Project description:Rearrangements of the proto-oncogene RET are newly identified potential driver mutations in lung adenocarcinoma (LAD). However, the absence of cell lines harboring RET fusion genes has hampered the investigation of the biological relevance of RET and the development of RET-targeted therapy. Thus, we aimed to identify a RET fusion positive LAD cell line. Eleven LAD cell lines were screened for RET fusion transcripts by reverse transcription-polymerase chain reaction. The biological relevance of the CCDC6-RET gene products was assessed by cell growth, survival and phosphorylation of ERK1/2 and AKT with or without the suppression of RET expression using RNA interference. The efficacy of RET inhibitors was evaluated in vitro using a culture system and in an in vivo xenograft model. Expression of the CCDC6-RET fusion gene in LC-2/ad cells was demonstrated by the mRNA and protein levels, and the genomic break-point was confirmed by genomic DNA sequencing. Mutations in KRAS and EGFR were not observed in the LC-2/ad cells. CCDC6-RET was constitutively active, and the introduction of a siRNA targeting the RET 3' region decreased cell proliferation by downregulating RET and ERK1/2 phosphorylation. Moreover, treatment with RET-inhibitors, including vandetanib, reduced cell viability, which was accompanied by the downregulation of the AKT and ERK1/2 signaling pathways. Vandetanib exhibited anti-tumor effects in the xenograft model. Endogenously expressing CCDC6-RET contributed to cell growth. The inhibition of kinase activity could be an effective treatment strategy for LAD. LC-2/ad is a useful model for developing fusion RET-targeted therapy.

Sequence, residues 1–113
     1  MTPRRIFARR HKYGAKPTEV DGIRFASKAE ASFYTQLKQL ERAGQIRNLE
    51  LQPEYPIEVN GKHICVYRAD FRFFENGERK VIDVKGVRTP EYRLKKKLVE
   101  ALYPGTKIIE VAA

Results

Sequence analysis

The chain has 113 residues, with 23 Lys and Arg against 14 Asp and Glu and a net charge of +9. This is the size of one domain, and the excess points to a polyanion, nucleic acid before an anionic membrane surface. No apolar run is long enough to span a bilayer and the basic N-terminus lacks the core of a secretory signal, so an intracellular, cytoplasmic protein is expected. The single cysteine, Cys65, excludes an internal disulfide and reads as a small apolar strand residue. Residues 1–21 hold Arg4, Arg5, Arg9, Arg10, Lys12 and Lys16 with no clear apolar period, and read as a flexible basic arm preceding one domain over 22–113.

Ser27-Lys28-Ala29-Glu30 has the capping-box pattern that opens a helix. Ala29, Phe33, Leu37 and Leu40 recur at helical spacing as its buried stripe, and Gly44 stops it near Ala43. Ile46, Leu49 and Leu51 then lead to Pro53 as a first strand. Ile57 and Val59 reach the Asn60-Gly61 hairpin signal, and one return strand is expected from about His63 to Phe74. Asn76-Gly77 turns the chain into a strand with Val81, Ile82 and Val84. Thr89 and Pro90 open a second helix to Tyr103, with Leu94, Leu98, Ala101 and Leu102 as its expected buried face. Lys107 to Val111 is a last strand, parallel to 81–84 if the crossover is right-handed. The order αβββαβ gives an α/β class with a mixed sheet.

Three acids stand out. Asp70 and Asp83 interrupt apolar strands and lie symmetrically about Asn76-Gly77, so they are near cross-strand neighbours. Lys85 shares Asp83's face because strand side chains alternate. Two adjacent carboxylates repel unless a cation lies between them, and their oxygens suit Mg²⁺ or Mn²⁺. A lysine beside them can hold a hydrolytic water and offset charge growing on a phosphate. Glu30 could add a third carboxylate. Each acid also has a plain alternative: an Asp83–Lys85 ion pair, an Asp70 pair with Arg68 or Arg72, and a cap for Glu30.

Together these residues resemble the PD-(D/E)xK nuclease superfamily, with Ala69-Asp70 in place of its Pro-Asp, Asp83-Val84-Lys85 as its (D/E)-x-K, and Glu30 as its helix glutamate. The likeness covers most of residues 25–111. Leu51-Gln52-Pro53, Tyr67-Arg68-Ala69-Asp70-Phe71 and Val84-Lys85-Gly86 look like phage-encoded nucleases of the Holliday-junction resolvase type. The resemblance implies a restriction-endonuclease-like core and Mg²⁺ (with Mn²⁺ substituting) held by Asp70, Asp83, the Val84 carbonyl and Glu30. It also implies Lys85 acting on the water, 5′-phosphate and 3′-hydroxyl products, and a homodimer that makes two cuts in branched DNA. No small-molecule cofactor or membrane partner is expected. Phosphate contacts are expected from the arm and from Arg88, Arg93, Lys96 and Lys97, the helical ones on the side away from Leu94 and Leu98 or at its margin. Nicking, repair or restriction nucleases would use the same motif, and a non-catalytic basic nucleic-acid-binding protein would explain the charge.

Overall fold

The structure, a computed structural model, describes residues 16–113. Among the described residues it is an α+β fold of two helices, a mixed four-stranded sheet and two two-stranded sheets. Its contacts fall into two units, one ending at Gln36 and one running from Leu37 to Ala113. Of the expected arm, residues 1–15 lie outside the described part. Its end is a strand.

Project description:BACKGROUND AND PURPOSE:Alterations in the tyrosine kinase enzyme RET are found in thyroid and lung cancer. While RET TK inhibitors (TKIs) are used to treat thyroid cancer and are in clinical trials for RET fusion-positive non-small cell lung cancer, the impact of mutations in the RET kinase domain on drug sensitivity is largely uncharacterized. EXPERIMENTAL APPROACH:We identified and analysed mutations in the RET kinase domain that conferred resistance to the TKIs cabozantinib, lenvatinib, vandetanib and nintedanib using RET kinase-dependent BaF3/KIF5B-RET (BaF3/KR) cells. We also examined the sensitivity of RET (M918T), a RET mutation prevalent in aggressive multiple endocrine neoplasia type 2B, to these TKIs in the context of BaF3/KR cells. KEY RESULTS:Fourteen mutations were analysed. Pan resistance to the four TKIs was found in six RET kinase domain mutations (L730I, V738A, V804L/M, Y806N, G810S). Seven RET kinase domain mutations (L730V, E732K, A807V, G810A, V871I, M918T, F998V) displayed selective resistance to one or more of these drugs. L730I/V and G810A/S had different drug resistance profiles. V871I, M918T and F998V mutations are located at distant sites away from the TKI binding pocket. CONCLUSIONS AND IMPLICATIONS:A panel of TKI-resistant RET mutations were identified, and their drug sensitivities were cross-profiled. The results provide a reference for selecting appropriate TKIs to inhibit RET kinase domain mutants. Besides changes in the drug-interacting residues, mutations at distant sites could exert long-range effects resulting in TKI resistance. Among the four TKIs analysed here, nintedanib remained unaffected by mutations at the three distant sites.